Speaker disarms views on state prison


Gannon University students and faculty learned about the importance of America’s incarceral state during a lecture in the Globalization Series sponsored by Alpha Phi Sigma Monday.

Judah Schept, Ph.D, a professor at Eastern Kentucky University, lectured on prison reform in the sense of re-doing prisons and not just improving the system.

“Broadly speaking, I study mass incarceration,” Schept said. Although he initially studied criminal justice, Schept said his work tends to draw more from social theories and social anthropology.

Mass incarceration covers more than those imprisoned, Schept said. The carceral state characterizes American society because it can shift its contours and has been a result of and directly produced anti-black racism.

These attitudes developed in the Reconstruction era following the Civil War, and were reinforced using Jim Crow laws. The carceral state has been referred to recently by presidential candidates as the New Jim Crow, in that it perpetuates racism.

Schept said the carceral state is also relevant today in a world where unprecedented attention is given to prisons, police and their transformation. More than half the states in the U.S. have passed some kind of sentencing reform, and there is talk of “banning the box” that asks if potential employees have ever been arrested.

“Much of what I think needs to be done is to engage directly some of these contradictions in what we’re doing at the moment,” Schept said. “What really, in fact, makes us safe?”

America houses 6 percent of the world’s population, but 25 percent of the world’s prisoners.

In Bloomington, Ky., proposals were made for a “Justice Campus” that would serve as what Schept called a social hub of carceral humanism.

The campus was part of a plan to develop 85 unused acres of land that formerly belonged to RCA into a lock-down with the feel of a college campus and possible food initiatives if the land was farmed by inmates. The proposal was backed by liberal and progressive thinkers in the community, Schept said.

The Justice Campus was more than a spatial fix for unwanted land, however. Schept said one of the supporters said the campus would be good to “take care of all the poor people” in one place. Besides the prison complex, the campus would house Bloomington’s welfare center and proposed other services, like a laundromat.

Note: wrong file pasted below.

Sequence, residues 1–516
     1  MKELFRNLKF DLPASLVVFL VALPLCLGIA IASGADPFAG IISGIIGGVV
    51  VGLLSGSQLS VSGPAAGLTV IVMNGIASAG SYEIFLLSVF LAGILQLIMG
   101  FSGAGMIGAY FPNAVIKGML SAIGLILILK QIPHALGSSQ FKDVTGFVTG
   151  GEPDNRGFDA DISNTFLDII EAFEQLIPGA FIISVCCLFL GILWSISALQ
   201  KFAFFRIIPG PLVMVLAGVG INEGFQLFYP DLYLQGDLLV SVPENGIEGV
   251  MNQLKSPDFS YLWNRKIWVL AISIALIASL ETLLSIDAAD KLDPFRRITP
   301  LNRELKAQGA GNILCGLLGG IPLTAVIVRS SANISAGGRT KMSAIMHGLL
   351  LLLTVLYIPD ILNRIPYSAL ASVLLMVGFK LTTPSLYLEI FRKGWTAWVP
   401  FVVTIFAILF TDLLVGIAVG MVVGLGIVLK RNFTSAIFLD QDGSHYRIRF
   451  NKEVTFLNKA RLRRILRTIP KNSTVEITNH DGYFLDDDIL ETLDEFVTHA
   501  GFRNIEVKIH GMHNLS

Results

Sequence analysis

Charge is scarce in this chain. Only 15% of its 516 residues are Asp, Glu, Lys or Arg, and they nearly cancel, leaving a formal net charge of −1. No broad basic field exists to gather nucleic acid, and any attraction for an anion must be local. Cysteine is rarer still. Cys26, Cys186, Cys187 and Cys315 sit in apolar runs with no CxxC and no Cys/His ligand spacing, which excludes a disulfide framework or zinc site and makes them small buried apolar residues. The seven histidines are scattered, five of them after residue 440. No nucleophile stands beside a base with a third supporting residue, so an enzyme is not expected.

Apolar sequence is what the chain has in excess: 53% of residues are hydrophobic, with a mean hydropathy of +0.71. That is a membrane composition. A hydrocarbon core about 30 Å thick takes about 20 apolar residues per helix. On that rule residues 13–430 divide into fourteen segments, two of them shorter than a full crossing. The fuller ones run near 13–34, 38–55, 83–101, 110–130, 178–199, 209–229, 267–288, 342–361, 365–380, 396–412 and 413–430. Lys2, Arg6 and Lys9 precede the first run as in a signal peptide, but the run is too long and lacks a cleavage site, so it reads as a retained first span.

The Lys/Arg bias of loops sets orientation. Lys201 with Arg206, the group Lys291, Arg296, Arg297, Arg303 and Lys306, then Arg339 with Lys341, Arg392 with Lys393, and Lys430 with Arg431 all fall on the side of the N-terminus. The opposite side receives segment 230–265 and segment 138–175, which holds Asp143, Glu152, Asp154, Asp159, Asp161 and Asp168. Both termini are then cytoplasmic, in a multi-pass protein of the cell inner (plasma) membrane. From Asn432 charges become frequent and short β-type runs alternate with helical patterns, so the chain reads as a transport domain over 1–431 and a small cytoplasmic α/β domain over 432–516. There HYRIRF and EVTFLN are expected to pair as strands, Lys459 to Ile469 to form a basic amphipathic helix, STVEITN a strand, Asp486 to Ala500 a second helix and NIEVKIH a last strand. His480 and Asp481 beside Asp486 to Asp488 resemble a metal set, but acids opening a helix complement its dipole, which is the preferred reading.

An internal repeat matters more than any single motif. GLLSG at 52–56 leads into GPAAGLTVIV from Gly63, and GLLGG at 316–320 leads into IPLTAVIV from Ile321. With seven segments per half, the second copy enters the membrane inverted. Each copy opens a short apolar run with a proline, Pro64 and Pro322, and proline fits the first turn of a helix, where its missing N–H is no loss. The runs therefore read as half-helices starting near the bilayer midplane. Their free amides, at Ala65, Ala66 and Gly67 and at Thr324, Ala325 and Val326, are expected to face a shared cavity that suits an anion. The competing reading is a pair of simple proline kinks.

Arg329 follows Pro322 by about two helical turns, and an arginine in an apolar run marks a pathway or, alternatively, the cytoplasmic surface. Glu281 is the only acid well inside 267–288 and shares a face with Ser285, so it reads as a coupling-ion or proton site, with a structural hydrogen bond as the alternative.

Schept said the terms used in support of such a building mimic a critque of incarceration but in fact support it. Another example of the current carceral state Schept discussed are the prisons built on top of former coal mines in central Appalachia.

“Once coal is gone and the land devalued, the prison comes in as a sort of socioeconomic fix,” Schept said.

Schept said that identifying prison complexes as economically good helps to keep the carceral state alive.

“How do we challenge prison building when it’s seen as the only possible economic solution for that region?” Schept said. “It’s hard to think about a replacement economy that would take the place of coal or a prison.”

Schept stressed the importance of thinking regionally when it comes to such economic issues and making a just transition for local economies.

Matt Moreland, a senior criminal justice major, said he attended Schept’s lecture because he was intrigued by Schept’s research when he presented to one of Moreland’s classes.

“It was a little hard to follow, but hearing him speak earlier made it easier to follow,” Moreland said.

Moreland said some of the topics were things he’d considered before, like prisons being called the new Jim Crow.

“It could be legitimate considering the impending amount of African-Americans in prison and impoverished,” Moreland said.

[email protected]